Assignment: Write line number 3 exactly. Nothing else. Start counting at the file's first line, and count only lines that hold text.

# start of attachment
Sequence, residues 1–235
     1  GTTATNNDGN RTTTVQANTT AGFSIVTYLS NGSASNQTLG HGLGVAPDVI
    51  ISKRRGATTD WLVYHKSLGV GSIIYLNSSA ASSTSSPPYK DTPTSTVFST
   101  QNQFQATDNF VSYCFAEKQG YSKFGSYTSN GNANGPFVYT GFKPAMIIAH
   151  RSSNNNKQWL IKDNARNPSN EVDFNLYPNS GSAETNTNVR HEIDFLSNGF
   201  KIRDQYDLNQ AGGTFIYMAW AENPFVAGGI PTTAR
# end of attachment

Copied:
    51  ISKRRGATTD WLVYHKSLGV GSIIYLNSSA ASSTSSPPYK DTPTSTVFST